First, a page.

Sony's Entertainment Access Glasses provide private closed captions for deaf people
July 19, 2012
We're smack in the middle of summer, which means there are plenty of blockbuster movies to choose from in theaters right now. If you're deaf, though, a trip to the movies can be frustrating. Not many theaters screen movies with closed captions, since most people without hearing problems would rather not see them. The only other option is usually to have a special ear piece on, but that only works if a person has any of their hearing left. Fortunately, Sony is outfitting certain theaters with its new Entertainment Access Glasses, which can display captions right in front of the wearer's eye that no one else can see.
The lightweight glasses are outfitted with small projectors on each side that display green text as an overlay that seems to float in front of the big screen. That way, viewers can see a perfectly clear caption no matter how or where they sit in the theater. Users can also change the brightness of the captions, how far away they appear to be, and even their angle to get the best view possible.
The attached receiver even has audio jacks that can transmit either assistive audio (like the ear pieces many theaters already have) or an audio description of the on-screen action for the blind - though unfortunately, the audio and the caption glasses cannot be used at the same time. Users can also choose from six different languages, depending on which ones are available for the movie. On top of that, the glasses support 3D as well, so a person won't have to somehow fit two or more pairs of glasses on their face. Both the audio and closed captions are broadcast from a radio transmitter attached to the theater's digital cinema server.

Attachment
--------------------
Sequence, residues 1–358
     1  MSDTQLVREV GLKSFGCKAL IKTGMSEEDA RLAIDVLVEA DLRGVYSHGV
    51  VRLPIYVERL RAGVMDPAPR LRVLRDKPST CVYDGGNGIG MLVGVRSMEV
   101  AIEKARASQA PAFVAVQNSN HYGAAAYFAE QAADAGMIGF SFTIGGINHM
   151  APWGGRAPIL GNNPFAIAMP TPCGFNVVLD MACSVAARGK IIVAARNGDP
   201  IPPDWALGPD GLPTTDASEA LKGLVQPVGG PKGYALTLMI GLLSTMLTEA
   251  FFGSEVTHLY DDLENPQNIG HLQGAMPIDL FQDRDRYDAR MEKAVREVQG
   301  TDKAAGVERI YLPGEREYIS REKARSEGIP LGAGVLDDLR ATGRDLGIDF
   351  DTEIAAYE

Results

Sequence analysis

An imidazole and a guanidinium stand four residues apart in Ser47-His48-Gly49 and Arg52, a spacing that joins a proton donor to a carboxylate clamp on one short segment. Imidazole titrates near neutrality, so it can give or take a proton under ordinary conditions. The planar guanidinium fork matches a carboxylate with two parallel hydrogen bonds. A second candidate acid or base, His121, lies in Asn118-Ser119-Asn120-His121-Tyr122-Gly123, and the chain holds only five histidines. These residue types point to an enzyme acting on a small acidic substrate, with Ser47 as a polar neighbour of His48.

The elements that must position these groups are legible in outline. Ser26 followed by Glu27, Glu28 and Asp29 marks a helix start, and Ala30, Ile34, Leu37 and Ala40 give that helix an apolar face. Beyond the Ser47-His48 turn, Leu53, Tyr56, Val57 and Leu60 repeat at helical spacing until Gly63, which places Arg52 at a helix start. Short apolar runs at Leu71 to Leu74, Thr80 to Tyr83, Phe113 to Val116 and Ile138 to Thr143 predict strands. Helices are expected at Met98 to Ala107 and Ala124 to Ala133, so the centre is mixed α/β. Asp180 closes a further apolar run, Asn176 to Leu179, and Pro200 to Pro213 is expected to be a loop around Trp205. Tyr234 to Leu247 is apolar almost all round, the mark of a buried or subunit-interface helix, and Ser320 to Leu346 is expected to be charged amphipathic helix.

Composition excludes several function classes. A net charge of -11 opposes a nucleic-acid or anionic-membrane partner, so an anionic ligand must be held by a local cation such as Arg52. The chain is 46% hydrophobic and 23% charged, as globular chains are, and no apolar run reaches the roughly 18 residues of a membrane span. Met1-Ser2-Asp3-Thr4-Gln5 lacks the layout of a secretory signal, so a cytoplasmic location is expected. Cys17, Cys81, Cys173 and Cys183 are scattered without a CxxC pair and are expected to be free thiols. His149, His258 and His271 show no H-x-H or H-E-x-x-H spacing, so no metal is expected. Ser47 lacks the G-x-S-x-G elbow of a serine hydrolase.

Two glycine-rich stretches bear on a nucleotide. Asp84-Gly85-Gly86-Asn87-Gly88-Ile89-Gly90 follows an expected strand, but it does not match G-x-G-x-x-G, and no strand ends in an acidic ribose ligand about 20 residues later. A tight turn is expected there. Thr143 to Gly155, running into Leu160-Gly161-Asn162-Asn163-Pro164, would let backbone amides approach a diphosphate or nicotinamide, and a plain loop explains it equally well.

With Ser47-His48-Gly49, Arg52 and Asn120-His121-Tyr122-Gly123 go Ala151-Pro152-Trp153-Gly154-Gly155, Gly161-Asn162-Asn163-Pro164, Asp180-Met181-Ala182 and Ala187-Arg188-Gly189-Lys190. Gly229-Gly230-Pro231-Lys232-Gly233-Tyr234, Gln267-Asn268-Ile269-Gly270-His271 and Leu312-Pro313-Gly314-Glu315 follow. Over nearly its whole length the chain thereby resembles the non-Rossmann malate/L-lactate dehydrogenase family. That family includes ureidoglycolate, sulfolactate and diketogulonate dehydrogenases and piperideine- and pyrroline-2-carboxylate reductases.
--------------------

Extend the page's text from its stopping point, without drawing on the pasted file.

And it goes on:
Sony has currently begun providing the Entertainment Access Glasses to some of its 4K Digital Cinemas, and recently inked a deal to bring them to Regal Cinemas across the United States.
Check out the video below to hear more about Sony's new closed caption glasses.
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